14. 14. College Savings Options - 529 Plans Advantages Anyone can open an account High maximum contribution limits You control the account assets Professional money management Federal tax-free earnings
    15. 15. College Savings Options - 529 Plans 529 plans offer estate planning advantage — accelerated gifting  $65,000 (individual) or $130,000 (couple) lump-sum gift  No gift tax owed  Gift must be treated as series of five equal gifts  You can’t make any other gifts to that beneficiary in the five-year period  You retain control of the account assets
    16. 16. College Savings Options - 529 Plans Disadvantages College  Returns may not keep pace with college inflation savings  Must choose from plan portfolios plans  Varying flexibility on changing investment choices Prepaid  Limited college choices tuition  Possible difficulty providing plans guaranteed returns  Withdrawals not used for college subject Both to income tax and penalty  Fees and expenses with each type of plan
    17. 17. College Savings Options Coverdell ESAs Tax-advantaged savings vehicle with maximum contribution of $2,000 per year For elementary, secondary, and college expenses Complete investment control Federal tax-free earnings Available only to people below certain income levels Withdrawals used for non-educational purposes subject to income tax and penalty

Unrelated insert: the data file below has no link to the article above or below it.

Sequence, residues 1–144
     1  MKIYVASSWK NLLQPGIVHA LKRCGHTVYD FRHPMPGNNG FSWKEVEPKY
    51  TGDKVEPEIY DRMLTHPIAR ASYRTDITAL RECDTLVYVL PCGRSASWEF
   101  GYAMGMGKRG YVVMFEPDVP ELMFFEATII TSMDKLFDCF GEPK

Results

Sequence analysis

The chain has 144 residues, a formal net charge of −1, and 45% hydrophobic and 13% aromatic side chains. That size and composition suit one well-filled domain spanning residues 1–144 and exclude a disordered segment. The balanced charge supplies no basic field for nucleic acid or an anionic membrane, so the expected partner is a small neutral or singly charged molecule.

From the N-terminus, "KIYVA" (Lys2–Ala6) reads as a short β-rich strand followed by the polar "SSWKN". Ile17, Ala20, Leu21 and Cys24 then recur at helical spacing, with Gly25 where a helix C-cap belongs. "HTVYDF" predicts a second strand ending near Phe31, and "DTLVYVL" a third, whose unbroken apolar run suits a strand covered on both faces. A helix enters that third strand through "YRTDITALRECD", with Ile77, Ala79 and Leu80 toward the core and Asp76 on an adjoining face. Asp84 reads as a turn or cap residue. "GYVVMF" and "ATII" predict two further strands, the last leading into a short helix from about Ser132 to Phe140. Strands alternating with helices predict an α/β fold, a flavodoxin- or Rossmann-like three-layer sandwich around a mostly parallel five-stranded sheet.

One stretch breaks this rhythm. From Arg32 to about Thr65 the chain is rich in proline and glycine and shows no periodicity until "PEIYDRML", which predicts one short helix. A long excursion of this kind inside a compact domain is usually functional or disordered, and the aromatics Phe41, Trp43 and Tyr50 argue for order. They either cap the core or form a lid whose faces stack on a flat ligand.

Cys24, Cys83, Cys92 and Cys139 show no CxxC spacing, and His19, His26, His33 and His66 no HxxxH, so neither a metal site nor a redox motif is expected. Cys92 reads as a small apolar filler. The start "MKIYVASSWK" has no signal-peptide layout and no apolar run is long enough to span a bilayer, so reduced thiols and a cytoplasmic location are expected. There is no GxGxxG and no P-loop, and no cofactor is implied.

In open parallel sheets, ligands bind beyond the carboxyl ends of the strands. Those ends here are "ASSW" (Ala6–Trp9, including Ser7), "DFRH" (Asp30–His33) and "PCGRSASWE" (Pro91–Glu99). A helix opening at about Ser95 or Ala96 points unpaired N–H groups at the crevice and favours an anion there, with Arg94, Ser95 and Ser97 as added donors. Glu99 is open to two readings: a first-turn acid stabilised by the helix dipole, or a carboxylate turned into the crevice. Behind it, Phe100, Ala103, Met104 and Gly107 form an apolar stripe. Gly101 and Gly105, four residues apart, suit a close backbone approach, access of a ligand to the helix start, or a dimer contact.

18. 18. College Savings Options Coverdell ESAs You might be interested in opening a Coverdell account if:  You have less than $2,000 to invest in a year  You want complete investment control  You want to use the money for elementary or secondary school  You meet the income limits
    19. 19. College Savings Options U.S. Savings Bonds—Series EE and I Interest exempt from federal tax if income limits met Interest always exempt from state tax Principal guaranteed Series I bonds offer inflation protection Flexibility Easy to purchase -- available in denominations from $50 to $10,000
    20. 20. College Savings OptionsUTMA/UGMA custodial accounts  Provides some opportunity for tax savings  You typically manage the account  Assets held in child’s name— can be used to pay for college  You have complete investment control  Gifts are irrevocable  Custodianship ends and child gains control of remaining assets at age 18 or 21
    21. 21. College Savings Options UTMA/UGMA custodial accounts Child’s age Account earnings Federal tax $0 - $950 Tax exempt Under age 19 or traditionalfull-time student $950 - $1,900 Child’s rate under age 24 Over $1,900 Parent’s rate